Social learning theorists’ research on modeling has been especially influential in current views about the origins of aggression. Although some individuals are unusually aggressive as a result of brain injury or mental illness, others may acquire their aggressive tendencies from their social surroundings. For example, in a classic study with 3- to 5-year-olds by Bandura, Ross, and Ross (1961), children were brought, one at a time, into a game room, where they were seated at a small table and shown how to create pictures with colorful stickers and other art materials. As they were working, some of the children observed an adult model across the room playing quietly with wooden construction toys. Other children instead observed an adult behaving aggressively toward an inflatable punching doll; some of the behaviors were quite unusual (e.g., hitting the doll on the head with a wooden mallet, kicking it aggressively around the room, and saying such things as “Sock him in the nose,” “Throw him in the air,” and “Pow!”). A third group of children (a control group) saw no model at all while they were creating pictures.
After a 10-minute period, the children were escorted to another location, where they were mildly frustrated: As soon as they began to play with some attractive and entertaining toys, they were told that they could no longer play with the toys. At that point, the children were led to a third room that contained both nonaggressive and aggressive toys (including the inflatable punching doll and wooden mallet). The children’s behaviors in this room were observed through a one-way mirror and coded for nonaggressive and aggressive content. Children who had observed the aggressive model behaved much more aggressively than children who had seen either the nonaggressive model or no model at all, and they displayed many of the specific verbal and nonverbal behaviors they had seen the aggressive model display.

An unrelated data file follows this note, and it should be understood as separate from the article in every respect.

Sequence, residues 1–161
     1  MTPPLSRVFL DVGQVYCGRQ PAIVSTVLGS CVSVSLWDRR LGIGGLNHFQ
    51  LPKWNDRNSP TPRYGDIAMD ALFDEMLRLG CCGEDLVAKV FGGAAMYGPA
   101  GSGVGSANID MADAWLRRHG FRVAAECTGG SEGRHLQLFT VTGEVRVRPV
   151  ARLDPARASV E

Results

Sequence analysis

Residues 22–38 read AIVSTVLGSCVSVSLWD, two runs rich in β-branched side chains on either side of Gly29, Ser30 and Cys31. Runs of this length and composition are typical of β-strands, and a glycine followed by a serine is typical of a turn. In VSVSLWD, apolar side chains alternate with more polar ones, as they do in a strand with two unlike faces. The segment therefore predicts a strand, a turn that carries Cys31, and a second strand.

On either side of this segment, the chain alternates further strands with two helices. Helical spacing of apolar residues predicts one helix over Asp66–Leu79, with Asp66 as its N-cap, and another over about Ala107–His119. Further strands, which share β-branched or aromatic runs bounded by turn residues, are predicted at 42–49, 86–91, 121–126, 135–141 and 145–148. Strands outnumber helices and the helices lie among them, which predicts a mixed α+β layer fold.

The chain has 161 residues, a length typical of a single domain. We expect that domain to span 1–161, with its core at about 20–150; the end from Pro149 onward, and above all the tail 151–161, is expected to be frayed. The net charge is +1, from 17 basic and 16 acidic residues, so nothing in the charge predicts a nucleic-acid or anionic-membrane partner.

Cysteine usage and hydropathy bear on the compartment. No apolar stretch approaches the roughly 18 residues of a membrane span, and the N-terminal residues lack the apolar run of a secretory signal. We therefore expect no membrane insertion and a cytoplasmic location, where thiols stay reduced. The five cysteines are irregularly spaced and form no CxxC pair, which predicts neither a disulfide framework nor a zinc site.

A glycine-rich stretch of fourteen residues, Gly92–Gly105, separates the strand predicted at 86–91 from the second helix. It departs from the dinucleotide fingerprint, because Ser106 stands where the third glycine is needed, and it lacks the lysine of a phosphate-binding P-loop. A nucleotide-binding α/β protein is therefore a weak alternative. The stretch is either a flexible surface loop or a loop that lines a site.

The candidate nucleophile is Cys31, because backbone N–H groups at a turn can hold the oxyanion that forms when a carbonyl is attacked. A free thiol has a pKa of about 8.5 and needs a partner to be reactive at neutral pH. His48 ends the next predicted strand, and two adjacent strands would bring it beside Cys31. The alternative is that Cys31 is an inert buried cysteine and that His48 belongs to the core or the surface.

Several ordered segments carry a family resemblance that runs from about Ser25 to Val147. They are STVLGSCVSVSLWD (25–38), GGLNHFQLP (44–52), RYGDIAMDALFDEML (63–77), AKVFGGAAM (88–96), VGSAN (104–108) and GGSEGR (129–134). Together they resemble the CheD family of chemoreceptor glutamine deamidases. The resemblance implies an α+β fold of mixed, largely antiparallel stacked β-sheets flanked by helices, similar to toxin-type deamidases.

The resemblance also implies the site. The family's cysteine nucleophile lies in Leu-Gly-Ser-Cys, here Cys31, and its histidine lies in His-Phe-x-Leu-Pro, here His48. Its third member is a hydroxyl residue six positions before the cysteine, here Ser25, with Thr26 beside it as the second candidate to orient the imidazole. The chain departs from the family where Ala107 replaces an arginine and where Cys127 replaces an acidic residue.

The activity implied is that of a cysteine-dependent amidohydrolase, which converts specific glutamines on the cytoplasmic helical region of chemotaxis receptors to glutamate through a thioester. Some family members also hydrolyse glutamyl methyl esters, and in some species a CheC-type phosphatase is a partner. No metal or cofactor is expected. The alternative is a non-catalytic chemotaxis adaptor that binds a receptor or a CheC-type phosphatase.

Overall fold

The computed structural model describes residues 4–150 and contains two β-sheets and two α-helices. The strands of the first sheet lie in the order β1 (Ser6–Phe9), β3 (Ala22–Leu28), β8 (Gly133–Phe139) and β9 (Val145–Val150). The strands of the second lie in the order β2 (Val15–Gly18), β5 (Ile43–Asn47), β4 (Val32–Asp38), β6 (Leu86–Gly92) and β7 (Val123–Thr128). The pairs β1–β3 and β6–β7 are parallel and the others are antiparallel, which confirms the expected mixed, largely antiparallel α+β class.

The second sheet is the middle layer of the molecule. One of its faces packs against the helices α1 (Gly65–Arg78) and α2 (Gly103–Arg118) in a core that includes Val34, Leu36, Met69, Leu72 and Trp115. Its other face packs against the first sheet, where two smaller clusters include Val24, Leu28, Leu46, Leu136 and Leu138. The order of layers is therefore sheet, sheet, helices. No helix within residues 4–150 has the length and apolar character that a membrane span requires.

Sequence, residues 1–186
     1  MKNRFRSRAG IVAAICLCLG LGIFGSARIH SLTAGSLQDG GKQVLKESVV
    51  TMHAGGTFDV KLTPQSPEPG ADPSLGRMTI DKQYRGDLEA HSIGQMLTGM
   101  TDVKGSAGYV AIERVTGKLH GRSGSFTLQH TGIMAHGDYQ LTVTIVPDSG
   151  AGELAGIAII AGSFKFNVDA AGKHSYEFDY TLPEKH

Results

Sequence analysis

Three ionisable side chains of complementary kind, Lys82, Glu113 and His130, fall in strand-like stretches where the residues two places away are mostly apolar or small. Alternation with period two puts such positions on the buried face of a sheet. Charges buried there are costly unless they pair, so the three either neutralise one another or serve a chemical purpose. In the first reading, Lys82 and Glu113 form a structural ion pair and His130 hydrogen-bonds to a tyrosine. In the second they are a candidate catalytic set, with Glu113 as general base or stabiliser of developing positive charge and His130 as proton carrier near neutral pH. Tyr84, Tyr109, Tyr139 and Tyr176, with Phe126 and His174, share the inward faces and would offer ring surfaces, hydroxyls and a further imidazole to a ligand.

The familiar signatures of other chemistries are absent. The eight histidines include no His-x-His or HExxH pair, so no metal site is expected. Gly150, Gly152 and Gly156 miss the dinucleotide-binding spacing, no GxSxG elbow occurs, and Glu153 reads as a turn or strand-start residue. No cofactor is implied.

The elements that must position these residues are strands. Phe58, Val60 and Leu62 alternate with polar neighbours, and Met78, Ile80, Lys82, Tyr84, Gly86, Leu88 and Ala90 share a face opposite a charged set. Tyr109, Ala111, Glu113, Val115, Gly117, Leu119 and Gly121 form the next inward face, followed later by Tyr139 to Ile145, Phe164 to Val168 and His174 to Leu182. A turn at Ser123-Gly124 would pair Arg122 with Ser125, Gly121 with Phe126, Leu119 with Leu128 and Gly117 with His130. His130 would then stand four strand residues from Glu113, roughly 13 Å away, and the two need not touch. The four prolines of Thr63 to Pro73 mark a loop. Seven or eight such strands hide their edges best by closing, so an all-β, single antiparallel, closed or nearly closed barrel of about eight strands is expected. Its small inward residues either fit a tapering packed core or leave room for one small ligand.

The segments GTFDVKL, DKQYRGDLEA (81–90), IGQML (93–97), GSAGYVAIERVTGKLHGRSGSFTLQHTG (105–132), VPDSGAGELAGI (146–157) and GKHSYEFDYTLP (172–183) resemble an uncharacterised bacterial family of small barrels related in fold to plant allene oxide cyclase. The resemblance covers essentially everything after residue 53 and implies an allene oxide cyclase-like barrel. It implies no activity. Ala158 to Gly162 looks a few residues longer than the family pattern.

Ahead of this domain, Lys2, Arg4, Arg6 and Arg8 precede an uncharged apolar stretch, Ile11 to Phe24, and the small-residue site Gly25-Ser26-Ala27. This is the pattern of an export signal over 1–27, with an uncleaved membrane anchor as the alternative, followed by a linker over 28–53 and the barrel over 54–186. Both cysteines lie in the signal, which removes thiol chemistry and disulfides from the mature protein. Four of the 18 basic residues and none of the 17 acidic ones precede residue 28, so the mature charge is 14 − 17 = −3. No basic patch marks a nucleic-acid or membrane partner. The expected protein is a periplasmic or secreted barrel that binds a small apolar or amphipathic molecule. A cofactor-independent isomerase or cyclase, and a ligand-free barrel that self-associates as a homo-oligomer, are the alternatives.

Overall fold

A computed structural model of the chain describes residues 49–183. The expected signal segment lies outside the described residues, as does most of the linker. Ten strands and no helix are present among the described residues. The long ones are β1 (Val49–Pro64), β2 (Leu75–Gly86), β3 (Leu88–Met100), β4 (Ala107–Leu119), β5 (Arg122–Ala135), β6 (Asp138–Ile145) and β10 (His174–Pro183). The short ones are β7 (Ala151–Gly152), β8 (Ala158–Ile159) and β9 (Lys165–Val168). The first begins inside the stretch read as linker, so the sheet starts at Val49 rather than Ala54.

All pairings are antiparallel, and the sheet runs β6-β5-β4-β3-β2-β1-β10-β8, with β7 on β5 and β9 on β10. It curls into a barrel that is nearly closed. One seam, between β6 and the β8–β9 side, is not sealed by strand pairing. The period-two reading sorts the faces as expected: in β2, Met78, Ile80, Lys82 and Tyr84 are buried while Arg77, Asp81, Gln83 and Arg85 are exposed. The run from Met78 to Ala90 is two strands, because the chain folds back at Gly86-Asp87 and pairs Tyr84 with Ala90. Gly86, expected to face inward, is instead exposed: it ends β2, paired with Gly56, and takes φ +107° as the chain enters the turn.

Social learning theorists have found that aggressive models in the media can have an impact as well. In a follow-up study with 2 ½- to 5-year-olds, Bandura, Ross, and Ross (1963) used essentially the same procedure that they had used before, but they omitted the nonaggressive model and exposed children in three experimental groups to one of three models displaying identical aggressive behaviors toward the punching doll: a live model in the room, a film of that model, or a cartoon-like film of an adult in a cat costume. After being mildly frustrated, all three groups of children exposed to an aggressive model showed significantly higher rates of aggression than did children in a no-model control group. Numerous studies have since confirmed that aggressive models—whether they are people that children encounter in their own lives or fictional characters in films, videogames, or other media—can indeed lead children to act more aggressively and believe that aggression is an acceptable form of venting frustration or achieving one’s goals.